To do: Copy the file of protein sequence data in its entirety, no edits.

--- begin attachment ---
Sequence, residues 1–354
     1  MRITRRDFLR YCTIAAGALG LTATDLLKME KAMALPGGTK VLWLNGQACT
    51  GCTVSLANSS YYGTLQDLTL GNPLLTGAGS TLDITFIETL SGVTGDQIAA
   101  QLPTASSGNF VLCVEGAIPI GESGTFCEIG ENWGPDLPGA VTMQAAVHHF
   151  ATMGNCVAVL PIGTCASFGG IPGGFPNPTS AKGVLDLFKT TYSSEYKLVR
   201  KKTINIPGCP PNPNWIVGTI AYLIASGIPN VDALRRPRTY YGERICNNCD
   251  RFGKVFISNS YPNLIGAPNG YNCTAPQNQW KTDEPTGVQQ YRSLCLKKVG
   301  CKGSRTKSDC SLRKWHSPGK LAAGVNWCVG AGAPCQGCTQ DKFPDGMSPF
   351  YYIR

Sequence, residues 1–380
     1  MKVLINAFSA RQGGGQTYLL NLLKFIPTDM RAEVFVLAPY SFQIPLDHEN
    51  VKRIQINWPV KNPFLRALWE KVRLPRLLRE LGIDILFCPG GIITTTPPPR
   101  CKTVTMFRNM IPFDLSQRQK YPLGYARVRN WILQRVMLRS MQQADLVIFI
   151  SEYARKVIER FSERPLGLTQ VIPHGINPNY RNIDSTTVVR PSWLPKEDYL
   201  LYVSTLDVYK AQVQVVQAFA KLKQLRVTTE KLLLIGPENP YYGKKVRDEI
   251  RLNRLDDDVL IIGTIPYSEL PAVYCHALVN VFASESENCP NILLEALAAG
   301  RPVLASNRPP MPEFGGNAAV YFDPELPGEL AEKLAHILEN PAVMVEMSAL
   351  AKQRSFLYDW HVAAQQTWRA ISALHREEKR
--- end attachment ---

Sequence, residues 1–354
     1  MRITRRDFLR YCTIAAGALG LTATDLLKME KAMALPGGTK VLWLNGQACT
    51  GCTVSLANSS YYGTLQDLTL GNPLLTGAGS TLDITFIETL SGVTGDQIAA
   101  QLPTASSGNF VLCVEGAIPI GESGTFCEIG ENWGPDLPGA VTMQAAVHHF
   151  ATMGNCVAVL PIGTCASFGG IPGGFPNPTS AKGVLDLFKT TYSSEYKLVR
   201  KKTINIPGCP PNPNWIVGTI AYLIASGIPN VDALRRPRTY YGERICNNCD
   251  RFGKVFISNS YPNLIGAPNG YNCTAPQNQW KTDEPTGVQQ YRSLCLKKVG
   301  CKGSRTKSDC SLRKWHSPGK LAAGVNWCVG AGAPCQGCTQ DKFPDGMSPF
   351  YYIR

Sequence, residues 1–380
     1  MKVLINAFSA RQGGGQTYLL NLLKFIPTDM RAEVFVLAPY SFQIPLDHEN
    51  VKRIQINWPV KNPFLRALWE KVRLPRLLRE LGIDILFCPG GIITTTPPPR
   101  CKTVTMFRNM IPFDLSQRQK YPLGYARVRN WILQRVMLRS MQQADLVIFI
   151  SEYARKVIER FSERPLGLTQ VIPHGINPNY RNIDSTTVVR PSWLPKEDYL
   201  LYVSTLDVYK AQVQVVQAFA KLKQLRVTTE KLLLIGPENP YYGKKVRDEI
   251  RLNRLDDDVL IIGTIPYSEL PAVYCHALVN VFASESENCP NILLEALAAG
   301  RPVLASNRPP MPEFGGNAAV YFDPELPGEL AEKLAHILEN PAVMVEMSAL
   351  AKQRSFLYDW HVAAQQTWRA ISALHREEKR